Robot to explore asteroids by rocking, rolling, twisting and tumbling
The Curiosity Mars Rover is a six-wheeled vehicle weighing over 8,000 pounds (on Earth). It’s carries a multitude of scientific instruments and is capable of traversing over 29-inch obstacles. It’s been a huge success, and yet it’s not a design being considered for future exploration of asteroids or comets. The design just wouldn’t fly, mainly because it might do just that. On a smaller body like a comet, the rover would only way a few pounds, and so spinning the tires might just launch the rover off the ground, flipping it over and ending the mission. So instead, designers are looking to lose the tires and start thinking about a box.
Wheels on the inside
Teams at NASA’s Jet Propulsion Laboratory, Stanford University and the Massachusetts Institute of Technology have been collaborating on an unusual prototype for future low-gravity exploration. The robot, dubbed “Hedgehog,” is basically a cube with stubby prongs sticking off each corner. The prongs may be fitted with probes for research, but their primary purpose is to provide traction and leverage points for when Hedgehog needs to reposition itself, either autonomously or by remote control.
Movement may seem like a weird specialty for a box with no external moving parts, but Hedgehog has some impressive maneuvers for getting around. Inside the cube are three flywheels, positioned along three different planes. To move, a wheel is spun up to a high speed, then stopped with a brake to transfer momentum, knocking the robot over in a specific direction. Hedgehog therefore moves in sort of a tumbling manner, but being a symmetrical cube means that that’s not a problem— there’s no way to land upside-down when there’s no top to begin with.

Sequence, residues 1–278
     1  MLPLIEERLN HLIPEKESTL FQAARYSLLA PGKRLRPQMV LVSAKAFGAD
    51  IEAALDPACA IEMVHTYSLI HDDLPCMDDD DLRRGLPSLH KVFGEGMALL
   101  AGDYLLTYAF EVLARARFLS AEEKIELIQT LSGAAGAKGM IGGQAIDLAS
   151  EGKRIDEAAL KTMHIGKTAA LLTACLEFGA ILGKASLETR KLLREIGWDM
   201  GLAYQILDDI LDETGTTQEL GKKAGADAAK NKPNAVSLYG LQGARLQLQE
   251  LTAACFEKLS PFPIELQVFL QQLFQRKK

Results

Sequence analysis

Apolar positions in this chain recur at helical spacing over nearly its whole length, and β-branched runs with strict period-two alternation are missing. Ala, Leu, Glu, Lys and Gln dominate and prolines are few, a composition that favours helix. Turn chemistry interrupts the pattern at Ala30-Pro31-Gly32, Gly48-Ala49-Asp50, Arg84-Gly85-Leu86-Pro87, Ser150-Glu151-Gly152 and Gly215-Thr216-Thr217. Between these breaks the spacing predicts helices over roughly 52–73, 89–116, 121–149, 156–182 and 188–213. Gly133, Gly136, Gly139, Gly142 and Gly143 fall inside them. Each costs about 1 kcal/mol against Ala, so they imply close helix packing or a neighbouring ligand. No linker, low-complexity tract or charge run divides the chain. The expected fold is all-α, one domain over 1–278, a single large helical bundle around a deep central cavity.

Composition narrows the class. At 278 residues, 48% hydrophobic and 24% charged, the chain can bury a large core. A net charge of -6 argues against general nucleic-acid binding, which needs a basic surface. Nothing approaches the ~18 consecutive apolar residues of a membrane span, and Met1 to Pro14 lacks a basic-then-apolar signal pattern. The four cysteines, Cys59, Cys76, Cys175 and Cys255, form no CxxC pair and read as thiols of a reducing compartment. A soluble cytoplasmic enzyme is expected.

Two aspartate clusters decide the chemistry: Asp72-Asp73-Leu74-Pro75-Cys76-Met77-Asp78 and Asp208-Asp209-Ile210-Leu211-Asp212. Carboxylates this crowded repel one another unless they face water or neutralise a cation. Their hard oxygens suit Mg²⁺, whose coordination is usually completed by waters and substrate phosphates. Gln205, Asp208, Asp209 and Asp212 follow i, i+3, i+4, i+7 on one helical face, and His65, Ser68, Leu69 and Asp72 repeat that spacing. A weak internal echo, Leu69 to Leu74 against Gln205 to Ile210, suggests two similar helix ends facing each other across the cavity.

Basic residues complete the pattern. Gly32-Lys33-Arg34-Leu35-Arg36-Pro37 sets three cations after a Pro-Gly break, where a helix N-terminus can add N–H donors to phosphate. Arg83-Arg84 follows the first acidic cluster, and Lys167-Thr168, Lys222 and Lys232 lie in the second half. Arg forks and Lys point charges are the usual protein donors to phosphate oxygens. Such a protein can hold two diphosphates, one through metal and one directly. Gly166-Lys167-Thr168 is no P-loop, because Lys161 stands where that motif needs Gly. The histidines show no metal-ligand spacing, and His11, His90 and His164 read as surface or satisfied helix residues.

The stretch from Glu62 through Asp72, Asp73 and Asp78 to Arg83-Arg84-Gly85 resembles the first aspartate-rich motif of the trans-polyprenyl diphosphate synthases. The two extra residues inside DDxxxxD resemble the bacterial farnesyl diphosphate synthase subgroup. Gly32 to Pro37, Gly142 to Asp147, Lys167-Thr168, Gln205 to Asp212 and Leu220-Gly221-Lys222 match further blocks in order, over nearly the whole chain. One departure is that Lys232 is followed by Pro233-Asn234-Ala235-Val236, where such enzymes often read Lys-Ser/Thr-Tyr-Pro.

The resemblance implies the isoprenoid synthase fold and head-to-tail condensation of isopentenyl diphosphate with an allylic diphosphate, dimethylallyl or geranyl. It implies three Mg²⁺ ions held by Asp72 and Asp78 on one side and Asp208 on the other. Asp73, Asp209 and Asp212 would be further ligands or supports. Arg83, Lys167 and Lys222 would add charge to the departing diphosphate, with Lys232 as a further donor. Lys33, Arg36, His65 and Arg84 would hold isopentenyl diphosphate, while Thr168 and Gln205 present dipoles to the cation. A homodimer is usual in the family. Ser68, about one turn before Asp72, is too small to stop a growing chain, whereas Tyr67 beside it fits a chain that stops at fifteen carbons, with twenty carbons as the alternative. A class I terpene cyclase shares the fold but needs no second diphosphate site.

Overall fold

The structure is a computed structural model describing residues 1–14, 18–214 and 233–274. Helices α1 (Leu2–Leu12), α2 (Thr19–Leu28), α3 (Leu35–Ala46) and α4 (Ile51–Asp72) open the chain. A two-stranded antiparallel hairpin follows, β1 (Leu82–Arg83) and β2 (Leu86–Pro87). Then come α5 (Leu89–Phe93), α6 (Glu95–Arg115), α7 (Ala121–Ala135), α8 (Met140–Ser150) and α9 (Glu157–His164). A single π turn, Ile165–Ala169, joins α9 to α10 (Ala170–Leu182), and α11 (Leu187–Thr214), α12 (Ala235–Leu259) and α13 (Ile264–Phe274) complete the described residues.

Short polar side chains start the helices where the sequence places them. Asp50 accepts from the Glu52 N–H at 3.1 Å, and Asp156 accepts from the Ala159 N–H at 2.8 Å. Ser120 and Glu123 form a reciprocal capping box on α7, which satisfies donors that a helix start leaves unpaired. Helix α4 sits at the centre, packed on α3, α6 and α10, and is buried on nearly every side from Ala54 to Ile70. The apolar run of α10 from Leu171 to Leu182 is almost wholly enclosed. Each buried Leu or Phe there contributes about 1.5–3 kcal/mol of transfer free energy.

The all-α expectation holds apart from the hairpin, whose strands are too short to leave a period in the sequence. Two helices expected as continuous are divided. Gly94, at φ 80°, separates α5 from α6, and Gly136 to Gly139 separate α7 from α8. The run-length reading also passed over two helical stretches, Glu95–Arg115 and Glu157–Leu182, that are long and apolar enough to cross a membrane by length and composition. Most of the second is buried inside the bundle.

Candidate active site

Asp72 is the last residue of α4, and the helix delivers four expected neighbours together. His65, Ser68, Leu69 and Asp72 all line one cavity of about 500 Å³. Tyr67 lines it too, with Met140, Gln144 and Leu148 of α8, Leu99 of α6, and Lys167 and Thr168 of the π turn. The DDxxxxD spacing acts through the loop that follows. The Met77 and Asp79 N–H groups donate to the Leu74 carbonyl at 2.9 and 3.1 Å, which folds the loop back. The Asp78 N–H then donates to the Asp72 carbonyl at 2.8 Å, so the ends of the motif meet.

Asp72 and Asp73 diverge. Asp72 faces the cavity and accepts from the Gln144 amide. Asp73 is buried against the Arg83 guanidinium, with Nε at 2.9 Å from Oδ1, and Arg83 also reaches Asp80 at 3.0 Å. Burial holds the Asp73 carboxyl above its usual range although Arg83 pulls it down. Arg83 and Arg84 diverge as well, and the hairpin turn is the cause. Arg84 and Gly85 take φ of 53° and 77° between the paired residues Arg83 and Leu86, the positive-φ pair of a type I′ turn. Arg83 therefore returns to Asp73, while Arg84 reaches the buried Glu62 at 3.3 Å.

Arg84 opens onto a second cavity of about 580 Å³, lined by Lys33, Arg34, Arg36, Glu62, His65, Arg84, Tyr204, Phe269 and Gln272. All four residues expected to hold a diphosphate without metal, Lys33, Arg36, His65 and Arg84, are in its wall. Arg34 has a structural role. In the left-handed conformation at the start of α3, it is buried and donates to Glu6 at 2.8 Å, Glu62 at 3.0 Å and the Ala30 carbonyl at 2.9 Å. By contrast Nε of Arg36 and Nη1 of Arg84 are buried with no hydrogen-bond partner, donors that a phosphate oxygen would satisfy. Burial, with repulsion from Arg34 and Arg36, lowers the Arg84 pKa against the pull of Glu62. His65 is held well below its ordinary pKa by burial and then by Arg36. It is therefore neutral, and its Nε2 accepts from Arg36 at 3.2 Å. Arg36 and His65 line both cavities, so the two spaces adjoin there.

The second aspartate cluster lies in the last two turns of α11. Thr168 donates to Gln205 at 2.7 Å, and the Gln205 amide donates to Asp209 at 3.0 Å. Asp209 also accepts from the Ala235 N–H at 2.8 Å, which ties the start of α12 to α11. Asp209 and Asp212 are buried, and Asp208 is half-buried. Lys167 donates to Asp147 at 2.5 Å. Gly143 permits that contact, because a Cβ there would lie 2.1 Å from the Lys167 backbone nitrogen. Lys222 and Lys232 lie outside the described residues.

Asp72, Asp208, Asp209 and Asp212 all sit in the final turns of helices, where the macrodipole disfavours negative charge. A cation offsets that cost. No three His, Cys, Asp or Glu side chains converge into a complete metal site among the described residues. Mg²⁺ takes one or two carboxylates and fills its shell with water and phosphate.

This system of movement allows for both subtle adjustments and dramatic stunts. A fully loaded Hedgehog probably wouldn’t weigh more than 20 pounds on Earth, so it would need to be able to make smaller movements in low-gravity locations to avoid accidentally launching itself too far. However, if the robot did need to make a larger movement, such as escaping a sandy hole, researchers have invented a “tornado” movement, wherein it spins itself up and out of viscous particulate.
Hedgehog is in phase II of development, having recently performed well in NASA’s Vomit Comet. The Vomit Comet is a special C-9 airplane, used to simulate microgravity for short periods of time, and Hedgehog proved that it could successfully maneuver in such environments. Hopes are high, especially since this compact, self-contained design brings other benefits, such as minimizing exposure of sensitive equipment to hazards as well as being easy to pack in future missions’ cargo space (or maybe under my Christmas tree?)
Source: 'Hedgehog' Robots Hop, Tumble in Microgravity by Tony Greicius, NASA News